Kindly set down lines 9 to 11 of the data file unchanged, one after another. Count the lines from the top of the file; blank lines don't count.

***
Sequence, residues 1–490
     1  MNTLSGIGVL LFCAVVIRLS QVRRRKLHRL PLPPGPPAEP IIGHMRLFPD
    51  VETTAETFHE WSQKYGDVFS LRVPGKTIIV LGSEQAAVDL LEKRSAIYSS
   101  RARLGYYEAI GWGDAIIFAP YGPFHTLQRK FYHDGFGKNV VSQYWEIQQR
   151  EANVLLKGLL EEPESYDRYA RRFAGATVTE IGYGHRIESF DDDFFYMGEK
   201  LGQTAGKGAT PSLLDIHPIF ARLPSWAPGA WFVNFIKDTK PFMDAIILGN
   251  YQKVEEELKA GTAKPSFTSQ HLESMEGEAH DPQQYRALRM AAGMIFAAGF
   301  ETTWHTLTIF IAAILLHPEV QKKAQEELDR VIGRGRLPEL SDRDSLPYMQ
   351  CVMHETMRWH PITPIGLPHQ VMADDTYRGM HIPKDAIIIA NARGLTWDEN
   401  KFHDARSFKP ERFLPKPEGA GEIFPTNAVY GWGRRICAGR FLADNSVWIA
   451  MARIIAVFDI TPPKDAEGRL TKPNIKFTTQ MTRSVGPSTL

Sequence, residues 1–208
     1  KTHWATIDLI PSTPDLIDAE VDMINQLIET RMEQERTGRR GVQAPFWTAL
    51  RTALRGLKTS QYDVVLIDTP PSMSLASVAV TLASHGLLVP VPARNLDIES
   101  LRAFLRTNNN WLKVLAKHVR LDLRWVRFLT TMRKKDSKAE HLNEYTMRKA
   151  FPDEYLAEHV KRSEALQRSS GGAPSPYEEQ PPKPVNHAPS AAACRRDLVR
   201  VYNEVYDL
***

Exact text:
   351  CVMHETMRWH PITPIGLPHQ VMADDTYRGM HIPKDAIIIA NARGLTWDEN
   401  KFHDARSFKP ERFLPKPEGA GEIFPTNAVY GWGRRICAGR FLADNSVWIA
   451  MARIIAVFDI TPPKDAEGRL TKPNIKFTTQ MTRSVGPSTL